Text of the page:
Tulane hosts second annual Louisiana Sexual Assault Student Activist Awareness Conference


Josh Jessimen | Staff Photographer

Tulane University hosted the second annual Louisiana Sexual Assault Student Activist Awareness Conference on Oct. 28.

In the early morning of Oct. 28, students, administrators and members of the New Orleans community piled into the Lavin-Bernick Center of University Life to speak out against sexual violence on college campuses.

Tulane University was hosting the second annual Louisiana Sexual Assault Student Activist Awareness Conference. From 9 a.m. to 6 p.m., speakers, students and faculty showed up for the 9-hour event to give advice, share stories and make progress in combating the issue of sexual violence on college campuses.

Sponsored by the Newcomb College Institute, the second annual LSASAC included speakers, panel discussions, workshops, resource fairs and networking opportunities. The conference offered a casual and collaborative environment for members of the community to gather and share their experiences about sexual violence and activism.

“We’re seeing that activists and students really care, but I think that there need to be more spaces on campus that are inclusive that anyone can join, like this conference that was free,” student coordinator of LSASAC Helen Robins said.

The conference featured a networking opportunity for the Tulane community to meet activists and learn about the resources offered by organizations on campus.

One of the organizations present was Sexual Trauma Awareness and Response, a stand-alone sexual assault crisis center with an office in New Orleans. STAR serves survivors of sexual violence, primary and secondary, and offers counseling and legal advice services all free of cost. In addition to STAR, members of Lift Louisiana, Feminist Majority Foundation and Tulane’s Sexual Aggression Peer Hotline and Education tabled at the event.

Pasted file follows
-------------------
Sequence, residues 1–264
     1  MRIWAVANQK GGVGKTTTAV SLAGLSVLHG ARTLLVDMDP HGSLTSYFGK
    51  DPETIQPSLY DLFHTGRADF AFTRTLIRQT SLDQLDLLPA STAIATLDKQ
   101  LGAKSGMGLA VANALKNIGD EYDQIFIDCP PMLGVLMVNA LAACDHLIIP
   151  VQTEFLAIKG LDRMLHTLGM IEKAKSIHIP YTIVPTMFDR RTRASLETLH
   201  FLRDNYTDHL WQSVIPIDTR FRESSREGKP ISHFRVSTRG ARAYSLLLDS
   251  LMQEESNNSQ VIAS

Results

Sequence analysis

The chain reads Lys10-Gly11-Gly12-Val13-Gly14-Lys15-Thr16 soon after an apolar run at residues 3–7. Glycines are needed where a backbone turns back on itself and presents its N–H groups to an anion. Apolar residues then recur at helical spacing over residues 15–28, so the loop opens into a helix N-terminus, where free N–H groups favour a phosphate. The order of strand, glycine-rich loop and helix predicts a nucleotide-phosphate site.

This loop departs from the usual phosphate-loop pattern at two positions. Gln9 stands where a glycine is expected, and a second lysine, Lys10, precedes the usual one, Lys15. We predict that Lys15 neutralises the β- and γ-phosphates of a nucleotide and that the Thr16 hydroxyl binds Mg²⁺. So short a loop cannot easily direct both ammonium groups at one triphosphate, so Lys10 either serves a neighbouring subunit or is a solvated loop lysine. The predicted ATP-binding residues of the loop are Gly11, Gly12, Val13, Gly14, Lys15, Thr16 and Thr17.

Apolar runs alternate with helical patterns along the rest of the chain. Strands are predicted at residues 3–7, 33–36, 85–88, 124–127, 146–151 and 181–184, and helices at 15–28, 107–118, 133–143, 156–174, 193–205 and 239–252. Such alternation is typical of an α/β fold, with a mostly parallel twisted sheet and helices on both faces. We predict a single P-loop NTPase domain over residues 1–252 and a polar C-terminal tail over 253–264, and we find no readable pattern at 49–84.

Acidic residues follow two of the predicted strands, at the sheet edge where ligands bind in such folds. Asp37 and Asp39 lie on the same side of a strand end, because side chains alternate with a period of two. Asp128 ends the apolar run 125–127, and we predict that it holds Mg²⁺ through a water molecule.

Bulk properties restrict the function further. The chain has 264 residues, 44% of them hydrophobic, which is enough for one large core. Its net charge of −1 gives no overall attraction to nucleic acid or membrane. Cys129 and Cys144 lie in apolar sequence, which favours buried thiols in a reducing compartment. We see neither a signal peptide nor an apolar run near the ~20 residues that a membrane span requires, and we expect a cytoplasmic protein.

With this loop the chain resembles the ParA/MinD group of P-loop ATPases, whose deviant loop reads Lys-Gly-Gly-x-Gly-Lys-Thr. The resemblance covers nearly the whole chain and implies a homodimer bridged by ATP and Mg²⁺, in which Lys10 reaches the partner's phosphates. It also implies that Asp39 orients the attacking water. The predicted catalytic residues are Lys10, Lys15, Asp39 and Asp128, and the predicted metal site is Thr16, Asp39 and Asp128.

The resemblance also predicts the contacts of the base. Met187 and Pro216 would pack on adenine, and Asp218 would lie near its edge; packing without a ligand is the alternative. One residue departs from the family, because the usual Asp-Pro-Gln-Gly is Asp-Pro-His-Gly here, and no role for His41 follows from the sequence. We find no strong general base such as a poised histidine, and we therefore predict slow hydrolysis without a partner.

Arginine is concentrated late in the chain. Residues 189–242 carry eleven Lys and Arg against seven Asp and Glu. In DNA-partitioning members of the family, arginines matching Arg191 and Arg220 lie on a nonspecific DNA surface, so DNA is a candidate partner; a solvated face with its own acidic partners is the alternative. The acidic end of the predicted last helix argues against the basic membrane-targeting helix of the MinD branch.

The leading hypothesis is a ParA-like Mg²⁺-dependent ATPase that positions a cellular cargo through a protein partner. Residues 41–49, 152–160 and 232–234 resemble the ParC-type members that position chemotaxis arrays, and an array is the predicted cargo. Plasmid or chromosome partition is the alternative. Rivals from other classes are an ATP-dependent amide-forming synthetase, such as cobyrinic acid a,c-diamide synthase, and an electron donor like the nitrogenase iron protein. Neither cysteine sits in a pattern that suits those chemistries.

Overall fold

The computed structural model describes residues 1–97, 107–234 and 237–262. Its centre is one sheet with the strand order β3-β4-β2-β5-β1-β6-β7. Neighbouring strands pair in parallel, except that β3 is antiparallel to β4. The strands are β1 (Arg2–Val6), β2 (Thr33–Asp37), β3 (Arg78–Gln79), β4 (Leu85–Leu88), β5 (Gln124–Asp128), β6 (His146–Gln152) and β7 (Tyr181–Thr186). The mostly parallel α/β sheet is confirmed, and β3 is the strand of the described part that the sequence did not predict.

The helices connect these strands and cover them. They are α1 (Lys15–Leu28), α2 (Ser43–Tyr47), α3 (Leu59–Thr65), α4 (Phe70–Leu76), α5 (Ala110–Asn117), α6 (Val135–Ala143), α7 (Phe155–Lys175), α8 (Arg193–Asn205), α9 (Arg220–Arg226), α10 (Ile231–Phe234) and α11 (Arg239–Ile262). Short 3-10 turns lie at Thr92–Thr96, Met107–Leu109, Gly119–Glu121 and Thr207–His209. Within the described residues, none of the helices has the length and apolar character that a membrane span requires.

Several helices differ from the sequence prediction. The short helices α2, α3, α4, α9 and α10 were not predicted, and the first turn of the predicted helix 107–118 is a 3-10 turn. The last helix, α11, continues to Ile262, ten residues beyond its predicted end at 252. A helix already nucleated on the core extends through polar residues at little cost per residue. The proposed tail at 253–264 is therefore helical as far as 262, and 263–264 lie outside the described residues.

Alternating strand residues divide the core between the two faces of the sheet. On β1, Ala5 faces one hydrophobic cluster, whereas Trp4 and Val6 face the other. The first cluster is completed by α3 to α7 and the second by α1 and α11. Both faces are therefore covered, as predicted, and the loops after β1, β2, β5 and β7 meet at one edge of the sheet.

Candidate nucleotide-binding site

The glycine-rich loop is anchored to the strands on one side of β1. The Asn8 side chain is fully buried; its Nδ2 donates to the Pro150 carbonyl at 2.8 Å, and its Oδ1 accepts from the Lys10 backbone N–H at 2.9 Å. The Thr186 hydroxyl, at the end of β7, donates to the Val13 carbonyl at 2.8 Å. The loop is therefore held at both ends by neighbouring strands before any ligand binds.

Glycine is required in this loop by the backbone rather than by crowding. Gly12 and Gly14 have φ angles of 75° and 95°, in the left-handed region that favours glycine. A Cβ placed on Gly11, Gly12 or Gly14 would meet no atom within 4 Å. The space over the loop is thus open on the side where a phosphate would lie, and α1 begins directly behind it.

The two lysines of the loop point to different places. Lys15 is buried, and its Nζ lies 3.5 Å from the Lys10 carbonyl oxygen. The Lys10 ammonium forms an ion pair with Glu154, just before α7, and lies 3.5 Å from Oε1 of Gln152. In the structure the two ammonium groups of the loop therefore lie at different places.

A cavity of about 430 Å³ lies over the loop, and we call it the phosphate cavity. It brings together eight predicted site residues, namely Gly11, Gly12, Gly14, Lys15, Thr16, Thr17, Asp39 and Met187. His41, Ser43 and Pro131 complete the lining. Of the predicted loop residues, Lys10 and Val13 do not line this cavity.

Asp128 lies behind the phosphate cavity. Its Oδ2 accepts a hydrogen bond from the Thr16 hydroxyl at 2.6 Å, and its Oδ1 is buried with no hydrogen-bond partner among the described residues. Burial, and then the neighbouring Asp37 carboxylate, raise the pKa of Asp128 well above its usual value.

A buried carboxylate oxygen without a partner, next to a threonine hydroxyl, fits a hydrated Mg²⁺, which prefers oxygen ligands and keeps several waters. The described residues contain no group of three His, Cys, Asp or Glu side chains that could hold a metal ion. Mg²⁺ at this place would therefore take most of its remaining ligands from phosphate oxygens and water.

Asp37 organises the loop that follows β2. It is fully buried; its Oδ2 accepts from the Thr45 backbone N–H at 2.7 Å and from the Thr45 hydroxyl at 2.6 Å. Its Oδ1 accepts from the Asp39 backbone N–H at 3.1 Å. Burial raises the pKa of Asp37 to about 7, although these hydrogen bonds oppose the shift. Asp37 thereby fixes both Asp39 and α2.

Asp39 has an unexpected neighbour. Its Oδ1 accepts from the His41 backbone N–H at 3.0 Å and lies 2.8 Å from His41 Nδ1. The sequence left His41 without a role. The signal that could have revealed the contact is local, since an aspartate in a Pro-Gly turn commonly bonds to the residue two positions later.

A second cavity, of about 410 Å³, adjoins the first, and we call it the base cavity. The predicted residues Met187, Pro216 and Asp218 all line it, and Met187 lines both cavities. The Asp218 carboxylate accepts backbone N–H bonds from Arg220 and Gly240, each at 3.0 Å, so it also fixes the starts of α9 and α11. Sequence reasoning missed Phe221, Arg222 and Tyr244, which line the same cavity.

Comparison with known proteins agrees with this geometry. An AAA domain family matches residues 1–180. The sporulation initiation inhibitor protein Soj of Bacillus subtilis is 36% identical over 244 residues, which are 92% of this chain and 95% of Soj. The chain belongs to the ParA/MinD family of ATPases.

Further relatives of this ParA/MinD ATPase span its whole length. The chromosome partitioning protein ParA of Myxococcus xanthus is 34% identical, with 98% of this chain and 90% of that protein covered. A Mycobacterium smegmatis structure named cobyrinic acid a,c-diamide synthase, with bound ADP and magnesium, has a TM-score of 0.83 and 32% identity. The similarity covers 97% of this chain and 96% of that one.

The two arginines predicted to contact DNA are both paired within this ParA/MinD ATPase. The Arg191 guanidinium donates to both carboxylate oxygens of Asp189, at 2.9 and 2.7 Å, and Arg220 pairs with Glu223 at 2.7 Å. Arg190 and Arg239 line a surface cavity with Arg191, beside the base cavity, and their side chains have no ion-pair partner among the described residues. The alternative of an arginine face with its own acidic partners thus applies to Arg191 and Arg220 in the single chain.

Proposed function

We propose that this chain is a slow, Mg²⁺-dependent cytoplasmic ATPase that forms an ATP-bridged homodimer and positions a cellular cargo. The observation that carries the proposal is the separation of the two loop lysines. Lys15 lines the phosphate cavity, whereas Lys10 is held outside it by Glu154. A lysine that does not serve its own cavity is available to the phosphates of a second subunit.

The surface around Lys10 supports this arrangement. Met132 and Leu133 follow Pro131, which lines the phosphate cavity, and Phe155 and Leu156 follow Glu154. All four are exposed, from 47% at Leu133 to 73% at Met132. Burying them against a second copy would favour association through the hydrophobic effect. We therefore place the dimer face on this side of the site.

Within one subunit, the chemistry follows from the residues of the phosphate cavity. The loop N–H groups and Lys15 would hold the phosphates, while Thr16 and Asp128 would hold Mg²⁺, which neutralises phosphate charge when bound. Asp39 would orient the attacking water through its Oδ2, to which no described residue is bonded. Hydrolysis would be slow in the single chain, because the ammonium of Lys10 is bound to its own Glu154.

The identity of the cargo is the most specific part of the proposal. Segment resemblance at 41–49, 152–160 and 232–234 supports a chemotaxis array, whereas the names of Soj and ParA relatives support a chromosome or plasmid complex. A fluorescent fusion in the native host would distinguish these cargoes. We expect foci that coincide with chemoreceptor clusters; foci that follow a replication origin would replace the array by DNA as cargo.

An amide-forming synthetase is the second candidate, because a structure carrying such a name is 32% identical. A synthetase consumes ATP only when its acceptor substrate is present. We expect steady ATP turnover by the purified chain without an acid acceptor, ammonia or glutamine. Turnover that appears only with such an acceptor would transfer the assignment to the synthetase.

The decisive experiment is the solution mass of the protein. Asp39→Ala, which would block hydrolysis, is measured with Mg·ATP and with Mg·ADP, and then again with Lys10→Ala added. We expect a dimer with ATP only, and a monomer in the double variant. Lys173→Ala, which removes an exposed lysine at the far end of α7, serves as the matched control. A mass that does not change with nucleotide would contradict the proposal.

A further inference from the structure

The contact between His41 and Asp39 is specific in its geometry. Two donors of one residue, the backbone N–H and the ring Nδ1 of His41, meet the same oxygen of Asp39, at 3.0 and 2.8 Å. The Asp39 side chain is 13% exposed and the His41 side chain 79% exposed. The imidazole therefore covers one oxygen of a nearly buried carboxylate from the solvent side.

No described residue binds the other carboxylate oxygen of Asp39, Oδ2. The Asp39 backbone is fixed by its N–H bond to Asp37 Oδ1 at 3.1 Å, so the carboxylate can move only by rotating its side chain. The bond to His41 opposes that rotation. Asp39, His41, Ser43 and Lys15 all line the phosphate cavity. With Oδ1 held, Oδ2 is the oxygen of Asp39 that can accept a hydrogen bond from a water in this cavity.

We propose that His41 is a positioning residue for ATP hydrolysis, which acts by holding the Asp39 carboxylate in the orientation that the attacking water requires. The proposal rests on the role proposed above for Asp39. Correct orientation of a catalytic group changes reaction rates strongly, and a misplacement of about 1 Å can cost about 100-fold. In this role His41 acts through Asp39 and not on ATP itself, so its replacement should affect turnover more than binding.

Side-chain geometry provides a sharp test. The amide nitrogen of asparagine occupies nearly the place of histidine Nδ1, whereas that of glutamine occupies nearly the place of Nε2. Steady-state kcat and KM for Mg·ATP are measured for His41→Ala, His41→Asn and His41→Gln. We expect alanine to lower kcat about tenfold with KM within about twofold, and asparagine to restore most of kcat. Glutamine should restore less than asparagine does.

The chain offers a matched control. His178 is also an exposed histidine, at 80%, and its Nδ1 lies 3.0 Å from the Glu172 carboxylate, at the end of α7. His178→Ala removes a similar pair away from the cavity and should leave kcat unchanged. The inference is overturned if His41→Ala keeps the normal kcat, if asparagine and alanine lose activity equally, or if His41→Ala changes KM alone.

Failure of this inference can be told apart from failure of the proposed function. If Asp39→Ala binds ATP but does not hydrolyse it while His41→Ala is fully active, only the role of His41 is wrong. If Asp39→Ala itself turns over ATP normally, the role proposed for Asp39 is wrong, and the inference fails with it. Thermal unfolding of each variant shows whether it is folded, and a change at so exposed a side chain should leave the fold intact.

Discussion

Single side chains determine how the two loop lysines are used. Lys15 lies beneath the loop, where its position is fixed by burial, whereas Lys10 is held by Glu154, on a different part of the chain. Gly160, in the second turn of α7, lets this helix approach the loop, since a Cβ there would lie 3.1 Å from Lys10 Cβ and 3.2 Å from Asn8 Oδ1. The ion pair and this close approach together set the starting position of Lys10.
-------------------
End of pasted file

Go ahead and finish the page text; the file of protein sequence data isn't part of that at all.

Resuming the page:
SAPHE, a well-known organization on Tulane’s campus, offers workshops to organizations upon request.

“[SAPHE] runs a peer-run hotline that all students and faculty can call into to if they’ve had an experience that they need to talk about, and we’re able to connect them to both campus and community-wide resources,” sophomore and SAPHE member Christina Krisberg said.

The conference also hosted several speakers. The keynote speaker, Wagatwe Wanjuki, is a feminist writer, speaker and activist based in the New York City area. Wanjuki is the co-founder of Survivors Eradicating Rape Culture.

The conference additionally included a panel discussion based on policy work and breaking down the barriers between voters and legislators with regard to policy against sexual assault.

“When it comes to these Title IX provisions everyone meets, it’s not a Republican issue, it’s not a Democratic issue, it’s just a people issue,” Margaret Martin, second-year Tulane Law student, said. “The policies that our legislators are voting on affect everyone, not just survivors of sexual assault.”

The conference included breakout sessions that featured speakers and artists from the New Orleans area. One session included a performance art piece by actress Lauren Hind and director Riot Mueller. “Sexual Healing: A Work in Progress a Multimedia Performance Space for Survivors and Their Allies” featured Hind in a raw state of emotion battling the trauma of her sexual assaults, while also taking control of her narrative.

“There are survivors that never tell their story,” Hind said.

She said working creatively with a director and fellow survivor, however, has allowed her to take charge of her life. Hind also said performance art has given her the chance to heal.

“[To] take something so terrible and turn it into something beautiful — because to me that’s how I’m going to survive like that’s what’s going to keep me alive, keep me going,” Hind said.

Student coordinator of the conference Helen Robins was very excited to see the turnout for this year’s conference.

“The first year was primarily administrators for education institutions, but this year it was mostly students, and not just students from traditionally activists clubs or spaces, it was students from all over campus,” Robins said. “I’m really excited to see where the conference goes in the future now that students have demonstrated their interest.”

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